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Partnering skillsWhat are they?


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#16 SanderO

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Posted 05 January 2009 - 05:01 PM

OK some dumb questions observations. My sense is that the partnering bits are more about the ballerina. He assists her, she relies on him, and almost never the reverse. Ya know the strong man and the weak women contrast. It's almost as if it wants to be a solo for the ballerina but she can't do it all alone so he's there to facilitate.

Since partnering involves a couple dynamic is this mostly driven by the ballerina's style needs etc. or the male? So would the different partners to ballerina A tend to be more like each other such that if male dancer partnered ballerina A, B and C he would do it rather differently.... Or would A, B and C adapt to HIS technique? Let's assume for this thought experiment that all ballerina's are the same size and all partners are the same size? Or maybe it depends completely on the dancers themselves as to the dynamic of the pas de deux?

#17 4mrdncr

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Posted 05 January 2009 - 05:59 PM

So many of the comments on this thread resonate with me.

PAST:
*As a young dancer with my first soloist part, learning to trust my adult partner, who was much larger than I, from a different culture, and speaking a different language.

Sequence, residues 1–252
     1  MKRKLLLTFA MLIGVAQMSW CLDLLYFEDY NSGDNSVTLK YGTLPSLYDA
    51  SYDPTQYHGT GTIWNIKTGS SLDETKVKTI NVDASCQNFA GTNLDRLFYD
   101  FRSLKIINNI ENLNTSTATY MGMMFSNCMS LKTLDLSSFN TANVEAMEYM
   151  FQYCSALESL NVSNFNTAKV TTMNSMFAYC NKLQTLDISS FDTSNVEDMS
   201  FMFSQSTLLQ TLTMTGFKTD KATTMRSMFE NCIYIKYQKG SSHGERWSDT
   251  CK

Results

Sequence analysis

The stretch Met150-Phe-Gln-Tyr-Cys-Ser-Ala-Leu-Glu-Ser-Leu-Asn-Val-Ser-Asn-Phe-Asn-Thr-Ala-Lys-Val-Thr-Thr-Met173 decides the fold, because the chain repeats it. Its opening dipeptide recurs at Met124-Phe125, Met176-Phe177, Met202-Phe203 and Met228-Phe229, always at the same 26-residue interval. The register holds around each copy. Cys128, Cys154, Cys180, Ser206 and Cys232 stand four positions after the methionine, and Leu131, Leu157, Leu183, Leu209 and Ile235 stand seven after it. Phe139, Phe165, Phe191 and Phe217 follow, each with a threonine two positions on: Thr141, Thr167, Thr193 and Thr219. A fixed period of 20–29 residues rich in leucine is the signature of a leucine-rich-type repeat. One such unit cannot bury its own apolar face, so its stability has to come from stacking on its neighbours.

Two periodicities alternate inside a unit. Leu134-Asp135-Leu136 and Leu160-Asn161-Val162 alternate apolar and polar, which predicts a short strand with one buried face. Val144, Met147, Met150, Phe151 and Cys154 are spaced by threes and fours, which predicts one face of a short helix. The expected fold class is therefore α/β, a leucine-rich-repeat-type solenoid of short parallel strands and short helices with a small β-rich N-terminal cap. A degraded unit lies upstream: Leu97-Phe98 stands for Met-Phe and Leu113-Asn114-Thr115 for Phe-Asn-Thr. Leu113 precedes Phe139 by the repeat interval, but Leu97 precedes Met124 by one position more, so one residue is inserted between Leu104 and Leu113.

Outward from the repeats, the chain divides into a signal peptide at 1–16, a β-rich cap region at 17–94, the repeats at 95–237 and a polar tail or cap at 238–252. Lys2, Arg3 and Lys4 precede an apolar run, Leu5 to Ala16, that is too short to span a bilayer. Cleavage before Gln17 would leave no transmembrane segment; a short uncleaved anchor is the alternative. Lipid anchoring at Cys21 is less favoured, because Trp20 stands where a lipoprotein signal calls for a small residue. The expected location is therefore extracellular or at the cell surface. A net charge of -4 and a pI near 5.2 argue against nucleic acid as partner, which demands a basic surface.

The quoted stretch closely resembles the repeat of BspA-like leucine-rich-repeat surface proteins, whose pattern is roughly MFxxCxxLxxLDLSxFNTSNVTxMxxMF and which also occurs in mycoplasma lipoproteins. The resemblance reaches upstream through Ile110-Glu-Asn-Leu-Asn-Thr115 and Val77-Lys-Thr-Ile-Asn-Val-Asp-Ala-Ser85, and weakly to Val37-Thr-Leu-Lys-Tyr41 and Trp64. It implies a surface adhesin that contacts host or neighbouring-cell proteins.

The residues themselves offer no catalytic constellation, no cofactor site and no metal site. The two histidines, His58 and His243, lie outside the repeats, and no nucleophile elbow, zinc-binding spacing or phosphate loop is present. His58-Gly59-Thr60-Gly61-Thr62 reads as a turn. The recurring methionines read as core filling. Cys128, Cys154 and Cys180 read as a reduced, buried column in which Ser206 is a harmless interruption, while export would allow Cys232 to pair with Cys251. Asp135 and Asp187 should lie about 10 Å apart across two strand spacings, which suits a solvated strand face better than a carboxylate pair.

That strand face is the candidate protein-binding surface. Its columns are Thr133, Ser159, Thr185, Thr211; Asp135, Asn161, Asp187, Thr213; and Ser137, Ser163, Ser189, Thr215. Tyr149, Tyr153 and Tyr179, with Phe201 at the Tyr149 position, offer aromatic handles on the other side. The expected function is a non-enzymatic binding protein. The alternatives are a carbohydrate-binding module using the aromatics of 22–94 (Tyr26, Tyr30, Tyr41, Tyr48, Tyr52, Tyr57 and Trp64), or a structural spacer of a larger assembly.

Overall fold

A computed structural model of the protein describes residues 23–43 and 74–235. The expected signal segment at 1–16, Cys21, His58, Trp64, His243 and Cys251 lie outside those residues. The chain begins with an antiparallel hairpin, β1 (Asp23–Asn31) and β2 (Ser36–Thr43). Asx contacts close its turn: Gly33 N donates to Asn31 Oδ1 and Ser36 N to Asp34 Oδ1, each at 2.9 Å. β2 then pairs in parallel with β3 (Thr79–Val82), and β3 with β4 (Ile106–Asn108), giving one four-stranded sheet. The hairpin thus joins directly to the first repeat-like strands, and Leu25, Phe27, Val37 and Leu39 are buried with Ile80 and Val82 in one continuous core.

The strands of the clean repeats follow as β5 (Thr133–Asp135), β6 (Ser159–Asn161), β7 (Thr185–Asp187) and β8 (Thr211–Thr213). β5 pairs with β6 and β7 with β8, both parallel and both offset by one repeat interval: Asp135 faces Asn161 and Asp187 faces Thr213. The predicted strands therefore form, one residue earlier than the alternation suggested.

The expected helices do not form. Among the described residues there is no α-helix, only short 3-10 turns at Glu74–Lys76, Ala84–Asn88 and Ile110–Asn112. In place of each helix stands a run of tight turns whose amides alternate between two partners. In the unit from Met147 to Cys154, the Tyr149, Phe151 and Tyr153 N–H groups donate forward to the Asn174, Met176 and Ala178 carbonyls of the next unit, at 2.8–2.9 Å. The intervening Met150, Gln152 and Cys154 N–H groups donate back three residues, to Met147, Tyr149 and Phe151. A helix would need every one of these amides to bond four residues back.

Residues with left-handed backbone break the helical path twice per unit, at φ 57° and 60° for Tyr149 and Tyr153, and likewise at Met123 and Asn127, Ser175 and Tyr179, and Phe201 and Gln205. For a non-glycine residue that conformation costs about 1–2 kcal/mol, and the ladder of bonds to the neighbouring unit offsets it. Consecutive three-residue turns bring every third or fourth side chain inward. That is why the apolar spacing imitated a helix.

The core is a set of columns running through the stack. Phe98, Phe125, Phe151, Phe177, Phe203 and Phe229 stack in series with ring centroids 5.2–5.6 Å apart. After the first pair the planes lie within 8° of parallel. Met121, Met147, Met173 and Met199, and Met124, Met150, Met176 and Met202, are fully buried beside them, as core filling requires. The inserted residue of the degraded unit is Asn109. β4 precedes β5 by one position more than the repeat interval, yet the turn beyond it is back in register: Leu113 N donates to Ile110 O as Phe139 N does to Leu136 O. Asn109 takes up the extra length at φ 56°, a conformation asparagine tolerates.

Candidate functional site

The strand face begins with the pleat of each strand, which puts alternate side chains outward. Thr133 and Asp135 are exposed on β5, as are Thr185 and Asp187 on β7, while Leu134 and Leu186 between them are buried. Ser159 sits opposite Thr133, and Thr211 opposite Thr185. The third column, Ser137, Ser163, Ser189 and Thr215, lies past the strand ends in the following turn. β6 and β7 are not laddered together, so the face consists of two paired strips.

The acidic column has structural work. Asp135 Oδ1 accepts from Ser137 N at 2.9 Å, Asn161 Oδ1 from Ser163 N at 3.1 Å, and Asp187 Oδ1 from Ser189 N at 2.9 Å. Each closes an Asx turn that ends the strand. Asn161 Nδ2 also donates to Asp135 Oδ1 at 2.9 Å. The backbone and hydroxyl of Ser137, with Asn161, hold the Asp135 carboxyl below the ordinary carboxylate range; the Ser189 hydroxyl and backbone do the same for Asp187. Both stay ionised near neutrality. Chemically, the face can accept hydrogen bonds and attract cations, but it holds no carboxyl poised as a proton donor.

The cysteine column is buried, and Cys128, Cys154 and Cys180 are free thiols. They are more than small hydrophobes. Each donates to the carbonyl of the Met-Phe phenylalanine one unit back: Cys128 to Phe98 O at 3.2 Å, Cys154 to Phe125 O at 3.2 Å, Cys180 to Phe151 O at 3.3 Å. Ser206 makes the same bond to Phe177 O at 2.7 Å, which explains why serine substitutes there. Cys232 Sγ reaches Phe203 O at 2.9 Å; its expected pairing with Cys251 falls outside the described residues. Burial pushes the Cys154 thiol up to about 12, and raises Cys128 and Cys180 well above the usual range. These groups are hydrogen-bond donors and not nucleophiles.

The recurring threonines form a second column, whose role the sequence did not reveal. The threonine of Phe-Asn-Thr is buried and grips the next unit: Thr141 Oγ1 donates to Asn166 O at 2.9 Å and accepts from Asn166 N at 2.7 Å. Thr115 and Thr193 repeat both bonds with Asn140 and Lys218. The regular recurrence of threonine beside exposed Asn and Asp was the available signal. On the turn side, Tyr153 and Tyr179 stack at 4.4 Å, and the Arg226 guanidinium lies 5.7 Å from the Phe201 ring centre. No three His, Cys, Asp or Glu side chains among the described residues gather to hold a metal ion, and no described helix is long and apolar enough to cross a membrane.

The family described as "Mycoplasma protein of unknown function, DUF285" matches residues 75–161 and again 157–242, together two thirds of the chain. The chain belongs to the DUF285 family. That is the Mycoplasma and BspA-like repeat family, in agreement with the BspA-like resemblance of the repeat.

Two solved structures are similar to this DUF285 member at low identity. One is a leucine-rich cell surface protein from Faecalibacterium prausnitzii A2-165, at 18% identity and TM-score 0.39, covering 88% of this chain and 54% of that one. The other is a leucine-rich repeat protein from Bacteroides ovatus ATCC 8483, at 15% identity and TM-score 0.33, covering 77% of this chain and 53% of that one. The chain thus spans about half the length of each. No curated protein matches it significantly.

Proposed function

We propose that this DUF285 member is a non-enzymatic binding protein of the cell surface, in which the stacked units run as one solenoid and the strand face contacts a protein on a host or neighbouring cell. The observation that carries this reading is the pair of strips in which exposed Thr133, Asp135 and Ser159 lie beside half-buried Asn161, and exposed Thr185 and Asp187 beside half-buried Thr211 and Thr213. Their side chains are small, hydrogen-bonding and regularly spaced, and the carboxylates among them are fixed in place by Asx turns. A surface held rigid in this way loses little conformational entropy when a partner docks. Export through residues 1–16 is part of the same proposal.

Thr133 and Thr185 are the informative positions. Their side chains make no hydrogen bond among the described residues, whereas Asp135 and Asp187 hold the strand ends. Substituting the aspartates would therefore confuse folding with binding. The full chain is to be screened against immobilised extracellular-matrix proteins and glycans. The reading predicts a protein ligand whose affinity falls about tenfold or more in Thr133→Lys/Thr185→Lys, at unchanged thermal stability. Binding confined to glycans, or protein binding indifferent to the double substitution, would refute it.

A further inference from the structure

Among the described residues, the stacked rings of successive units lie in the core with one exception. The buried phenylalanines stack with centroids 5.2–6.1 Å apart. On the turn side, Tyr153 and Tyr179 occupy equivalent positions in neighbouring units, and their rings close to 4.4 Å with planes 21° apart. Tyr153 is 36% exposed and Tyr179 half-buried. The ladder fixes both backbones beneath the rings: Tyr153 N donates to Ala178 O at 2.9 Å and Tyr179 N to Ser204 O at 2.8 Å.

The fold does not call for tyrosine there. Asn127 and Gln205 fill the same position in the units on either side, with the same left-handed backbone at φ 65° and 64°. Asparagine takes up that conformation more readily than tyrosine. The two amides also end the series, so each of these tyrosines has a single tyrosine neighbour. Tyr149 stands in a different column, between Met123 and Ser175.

*Then learning how to time a sissone lift (think white swan pdd) so that I didn't counteract the upward momentum, but worked in tandem so the motion was upwards, the split moved upwards, and the lift itself moved upwards, before finally subsiding back to earth.
*And finally, how to center my weight over my standing leg when doing the standard 'develope en avant fouette into arabesque', (a la Giselle and much of Petipa) so i could pdb back without pulling myself or my partner off balance. He had to know how far apart to stand to maintain tension holding my hand as a counterweight, while i had to think "centered & up", even though I was leaning (or in S.L. eventually falling) backwards.

PRESENT:
Seeing how timing can affect the two 'angel lifts' in Act2 of Giselle:
Done right it is seamless from Giselle's first tendu/ step back and turn into Albrecht, to the top of the lift, so she floats up in one complete move; as if you were drawing a circle in the air starting with Giselle on earth at 7 o'clock, and then drawing a single arc back and up counterclockwise to heaven at noon.
Similarly, in between/before the second lift, when she is lowered and then almost hugged:
A matinee cast's hug looked constricted/scrunched & grounded, the 2nd lift heavy; the evening's cast flowed: from a man gently trying to hug an insubstantial ghost that drifted away, but then turned back to him, to be lifted in a weightless arc that floated skyward. A single movement from beginning to end, and a brilliant demonstration of partnering. In short, if you can break that lift into its component parts, and see the dancers calculating each of those parts, it won't feel right, or look right. It's not an acrobatic lift, but here timing and placement are everything.

I also heard a funny anecdote from an Albrecht trying to convince his Giselle NOT to jump first, but instead "do nothing" and just let him do the lift(ing). After many tries, and a few mistranslations (both were from different countries), she did as he asked, and the rest was history.

FUTURE: I have some really amazing footage and comments from several rehearsals of the pdds in La Bayadere, but you'll have to wait until the doc is released. (Or catch a few clips in the trailer online.)

#18 Mel Johnson

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Posted 05 January 2009 - 06:12 PM